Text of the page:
imply a return to the Middle East? In the case that the conflict cannot be contained, the region might
demand increased US involvement.
Similarly, the European Union has conveyed its steadfast support for Israel and reiterated “Israel's right
to defend itself” in accordance with international law. Initially, the EU responded to the Hamas attacks
by announcing an immediate suspension of development aid for Palestinian authorities, a decision that
was later reversed. On the other hand, member states are increasing pressure on pro-Palestinian groups,
signaling stronger support for Israel and concerns about the potential spread of violence in Europe.
Israeli military operations could potentially result in mass civilian casualties in the Gaza Strip, escalating
tensions in the Middle East. Without a clear exit strategy, Israel might risk alienating itself in the region,
especially jeopardizing its improving relations with the Gulf states- in particular Saudi Arabia and Turkey.
The governments of these countries have adopted a cautious approach to the crisis, and a protracted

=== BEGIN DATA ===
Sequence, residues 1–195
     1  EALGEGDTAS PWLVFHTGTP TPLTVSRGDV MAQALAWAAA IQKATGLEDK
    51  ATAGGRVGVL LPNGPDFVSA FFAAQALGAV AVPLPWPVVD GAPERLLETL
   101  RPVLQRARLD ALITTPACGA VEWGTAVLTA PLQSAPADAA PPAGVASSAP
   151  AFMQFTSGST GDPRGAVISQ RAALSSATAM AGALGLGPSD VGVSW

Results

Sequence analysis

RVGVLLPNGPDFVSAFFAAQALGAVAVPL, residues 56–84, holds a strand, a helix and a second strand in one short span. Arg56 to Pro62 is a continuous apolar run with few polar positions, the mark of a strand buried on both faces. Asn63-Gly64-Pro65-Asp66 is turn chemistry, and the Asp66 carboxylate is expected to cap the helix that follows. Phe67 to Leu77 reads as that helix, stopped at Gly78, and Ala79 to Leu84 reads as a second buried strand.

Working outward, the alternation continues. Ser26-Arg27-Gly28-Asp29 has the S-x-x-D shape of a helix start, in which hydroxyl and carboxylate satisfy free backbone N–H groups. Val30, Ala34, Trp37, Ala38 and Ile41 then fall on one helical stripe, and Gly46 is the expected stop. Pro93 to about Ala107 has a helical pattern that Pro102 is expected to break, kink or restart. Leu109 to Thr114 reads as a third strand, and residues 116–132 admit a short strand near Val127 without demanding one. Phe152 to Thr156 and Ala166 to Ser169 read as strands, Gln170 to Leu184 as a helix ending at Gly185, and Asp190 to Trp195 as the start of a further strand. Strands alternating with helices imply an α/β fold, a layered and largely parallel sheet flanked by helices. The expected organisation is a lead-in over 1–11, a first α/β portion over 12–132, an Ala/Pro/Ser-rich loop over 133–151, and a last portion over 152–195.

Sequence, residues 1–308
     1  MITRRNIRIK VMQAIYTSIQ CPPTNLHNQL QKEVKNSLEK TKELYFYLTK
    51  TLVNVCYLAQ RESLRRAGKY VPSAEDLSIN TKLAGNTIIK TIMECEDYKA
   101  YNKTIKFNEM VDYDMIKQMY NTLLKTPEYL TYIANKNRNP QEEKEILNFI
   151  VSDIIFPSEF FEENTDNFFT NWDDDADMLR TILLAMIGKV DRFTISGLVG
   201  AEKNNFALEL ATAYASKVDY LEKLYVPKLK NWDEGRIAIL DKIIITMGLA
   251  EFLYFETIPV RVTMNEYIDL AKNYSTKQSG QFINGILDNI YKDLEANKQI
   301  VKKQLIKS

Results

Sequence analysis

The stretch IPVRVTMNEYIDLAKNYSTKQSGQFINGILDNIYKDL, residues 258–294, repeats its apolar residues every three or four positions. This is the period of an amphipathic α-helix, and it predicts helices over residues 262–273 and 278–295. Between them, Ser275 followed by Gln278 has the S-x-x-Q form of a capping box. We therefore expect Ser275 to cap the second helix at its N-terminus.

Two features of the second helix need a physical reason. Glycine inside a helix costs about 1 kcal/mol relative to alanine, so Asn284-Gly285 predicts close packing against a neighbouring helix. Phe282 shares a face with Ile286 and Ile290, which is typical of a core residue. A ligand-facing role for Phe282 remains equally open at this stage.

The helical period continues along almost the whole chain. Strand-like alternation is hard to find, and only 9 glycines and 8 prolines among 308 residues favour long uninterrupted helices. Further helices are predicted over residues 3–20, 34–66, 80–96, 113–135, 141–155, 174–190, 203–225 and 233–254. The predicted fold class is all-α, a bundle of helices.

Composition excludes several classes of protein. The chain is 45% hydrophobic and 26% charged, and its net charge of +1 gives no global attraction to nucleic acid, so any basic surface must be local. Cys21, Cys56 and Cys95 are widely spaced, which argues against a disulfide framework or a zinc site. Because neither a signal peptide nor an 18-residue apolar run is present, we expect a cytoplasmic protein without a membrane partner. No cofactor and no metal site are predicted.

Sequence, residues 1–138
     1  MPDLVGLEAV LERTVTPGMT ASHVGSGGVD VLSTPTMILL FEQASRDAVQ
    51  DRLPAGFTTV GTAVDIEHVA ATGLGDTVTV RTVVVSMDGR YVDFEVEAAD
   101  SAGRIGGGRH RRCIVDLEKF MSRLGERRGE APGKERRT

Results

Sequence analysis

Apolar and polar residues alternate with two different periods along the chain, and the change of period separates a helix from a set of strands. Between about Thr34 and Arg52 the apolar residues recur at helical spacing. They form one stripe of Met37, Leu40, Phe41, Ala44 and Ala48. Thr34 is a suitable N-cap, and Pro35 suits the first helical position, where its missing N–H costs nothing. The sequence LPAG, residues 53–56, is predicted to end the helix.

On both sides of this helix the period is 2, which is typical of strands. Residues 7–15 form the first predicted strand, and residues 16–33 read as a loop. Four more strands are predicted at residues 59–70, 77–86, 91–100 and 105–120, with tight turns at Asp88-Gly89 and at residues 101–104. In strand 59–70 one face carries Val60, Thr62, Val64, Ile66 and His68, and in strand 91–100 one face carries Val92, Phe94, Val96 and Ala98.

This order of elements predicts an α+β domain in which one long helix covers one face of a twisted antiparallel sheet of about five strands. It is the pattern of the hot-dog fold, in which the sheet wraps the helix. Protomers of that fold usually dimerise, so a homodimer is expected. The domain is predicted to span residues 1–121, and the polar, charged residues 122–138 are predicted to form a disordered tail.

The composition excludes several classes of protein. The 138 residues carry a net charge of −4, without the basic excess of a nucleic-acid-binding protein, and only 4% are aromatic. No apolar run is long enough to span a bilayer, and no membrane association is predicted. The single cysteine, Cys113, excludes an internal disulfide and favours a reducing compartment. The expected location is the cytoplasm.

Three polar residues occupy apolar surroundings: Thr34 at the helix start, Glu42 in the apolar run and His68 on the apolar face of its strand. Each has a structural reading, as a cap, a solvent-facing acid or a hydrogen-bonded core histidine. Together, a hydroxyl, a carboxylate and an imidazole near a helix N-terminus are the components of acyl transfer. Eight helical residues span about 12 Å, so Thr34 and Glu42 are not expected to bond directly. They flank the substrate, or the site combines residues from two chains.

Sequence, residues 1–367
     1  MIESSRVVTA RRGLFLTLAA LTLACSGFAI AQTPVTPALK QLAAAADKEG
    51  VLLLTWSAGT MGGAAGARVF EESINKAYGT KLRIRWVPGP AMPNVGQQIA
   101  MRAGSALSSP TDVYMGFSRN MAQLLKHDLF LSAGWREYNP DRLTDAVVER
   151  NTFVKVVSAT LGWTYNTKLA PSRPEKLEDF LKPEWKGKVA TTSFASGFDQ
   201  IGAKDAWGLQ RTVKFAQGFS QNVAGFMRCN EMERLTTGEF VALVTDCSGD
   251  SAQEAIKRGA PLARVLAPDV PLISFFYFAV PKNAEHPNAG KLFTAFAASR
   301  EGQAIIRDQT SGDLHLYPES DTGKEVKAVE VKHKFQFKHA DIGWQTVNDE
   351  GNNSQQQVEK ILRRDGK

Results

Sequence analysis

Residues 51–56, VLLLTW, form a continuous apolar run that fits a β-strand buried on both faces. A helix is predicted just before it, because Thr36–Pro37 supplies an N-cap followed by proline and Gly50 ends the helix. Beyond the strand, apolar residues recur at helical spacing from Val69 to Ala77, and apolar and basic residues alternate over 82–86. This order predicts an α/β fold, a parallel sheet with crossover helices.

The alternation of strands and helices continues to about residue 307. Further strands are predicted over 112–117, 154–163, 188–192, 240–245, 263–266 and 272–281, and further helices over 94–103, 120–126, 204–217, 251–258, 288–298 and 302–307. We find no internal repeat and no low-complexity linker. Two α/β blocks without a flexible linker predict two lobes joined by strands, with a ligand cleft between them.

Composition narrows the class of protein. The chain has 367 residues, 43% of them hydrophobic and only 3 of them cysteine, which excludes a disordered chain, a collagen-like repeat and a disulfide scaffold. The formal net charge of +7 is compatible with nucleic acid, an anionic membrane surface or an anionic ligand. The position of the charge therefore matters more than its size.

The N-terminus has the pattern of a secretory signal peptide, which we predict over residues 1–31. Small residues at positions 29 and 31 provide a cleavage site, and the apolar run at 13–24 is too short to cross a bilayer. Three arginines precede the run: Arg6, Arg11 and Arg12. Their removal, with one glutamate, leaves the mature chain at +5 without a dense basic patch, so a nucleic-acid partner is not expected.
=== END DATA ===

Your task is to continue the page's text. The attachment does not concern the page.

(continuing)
conflict might compel a shift in dynamics, potentially leading them to severe diplomatic ties with Tel Aviv.
To begin with, the spoiler effect of the Hamas-Israel conflict will exert pressure on the ongoing
rapprochement between Israel and regional countries in the Middle East. Countries like Saudi Arabia will
find it difficult to improve their relationship with Israel, while Palestinians suffer due to the Israeli
military's operations. Turkey's approach is also notably more restrained compared to its actions in recent
years, such as seeking a more Islamist agenda in the region and its strong relations with Hamas. Trying not
to mobilize his voter base against Israel, Erdogan appears more focused on criticizing the Biden
administration, suggesting that the United States may engage in a massacre in the Gaza Strip.
The conflict has the potential to spread to other areas in the Middle East. Iran may seek to entice Israel
to prolong its military campaign by utilizing its proxies stationed in various countries across the region.
This type of mission creep would bring more insecurity and war to the region. Lebanese Hezbollah has